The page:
The ghost is that of a man that supposedly haunts this lighthouse and was seen many of times by workers and patrons. He was of a worker who was entombed under the  lighthouse. He died supposedly from a cave in when construction began and they left him there buried under the rock as it was too much to try to unbury him.  He is seen walking the grounds and in the lighthouse itself working away in death still not knowing that he has passed away.   


Well thats the ones I know about and  have heard of. As always, tell all the ships at sea "Happy Haunting"!!!!


Story by; Christopher (creed22770)


Well, Fairport Harbor may have a ghost. But it isn't going to do much more than give you a gentle startling while you peruse the lighthouse and museum. It seems the thing creeping around in the dark is smaller than you might think.


During the early half of the nineteenth century, 120 miles of southern shoreline of Lake Erie attracted settlers making their way to Ohio, Michigan, Wisconsin and other states. One of the places many of the cargo ships stopped for restocking was the busy Fairport Harbor along the mouth of the Grand River.

The Fairport Harbor Lighthouse was built on the west pier of bricks in 1825 to guard this gateway of new opportunities along the coast. Samuel Butler was the first keeper of Fairport Harbor Lighthouse and was an active abolitionist. Not only was it a safety harbor for those ships traveling along the shoreline, it also provided sanctuary for slaves making their way to Canada before and during the civil war. But, by 1868, the lighthouse was falling into ruin. It was rebuilt in 1870.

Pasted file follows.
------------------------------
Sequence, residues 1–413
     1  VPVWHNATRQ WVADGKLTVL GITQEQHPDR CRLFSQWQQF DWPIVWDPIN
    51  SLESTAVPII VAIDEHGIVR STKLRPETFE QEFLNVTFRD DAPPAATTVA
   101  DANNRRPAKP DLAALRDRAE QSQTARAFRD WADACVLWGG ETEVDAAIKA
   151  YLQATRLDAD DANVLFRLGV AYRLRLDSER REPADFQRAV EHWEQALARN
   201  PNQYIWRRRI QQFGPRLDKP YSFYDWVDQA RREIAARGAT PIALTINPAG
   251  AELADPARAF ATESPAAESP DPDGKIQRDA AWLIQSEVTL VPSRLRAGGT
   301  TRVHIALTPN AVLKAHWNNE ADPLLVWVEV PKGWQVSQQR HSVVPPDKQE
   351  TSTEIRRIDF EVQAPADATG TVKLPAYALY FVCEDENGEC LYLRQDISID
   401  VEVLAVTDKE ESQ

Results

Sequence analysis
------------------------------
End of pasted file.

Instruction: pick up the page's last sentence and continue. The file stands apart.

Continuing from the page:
It was not until August of 1871, when Captain Joseph Babcock came to be head keeper of the lighthouse, the ghost story comes to life. During this time of Captain Joseph Babcock's term, his wife and family kept several cats in the living quarters which is now the museum. Missus Babcock was ill for some time and found great comfort in the cats'  presence. For years, volunteers and curators at the museum have seen what they described as a ghostly cat playing in the museum. Whether others believed the story or not, it was difficult to deny there might be some truth to the story - during the installation of a new air conditioning system, the mummified remains of a cat was discovered between the walls. For how long it has been there, remains a mystery.  It is believed to be one of the cats from the previous residents of the lighthouse!


Not every lighthouse can boast they have the mummified remains of their ghost! And it is a sure-hit with the kids and adults too.


Story by; Ohio Ghost Hunter Guide


Lorain Lighthouse


Fairport Harbor Lighthouse


Ghost ship on the Black River in Lorain, Ohio


With a melodious name

like Fairport Harbor,

you wouldn't think there would be any

bloodcurdling ghosties or goulies creeping up out

of the Lake Erie waters

into this small town.


The town is as peaceful and cozy as the name implies. Of course, isn't that always the case for every horror movie

playing out along a coastline?


You have a pretty,

little village with friendly people and snug little harbor to boot, and in comes a fog or zombies

or some other spirit to shake things up a bit.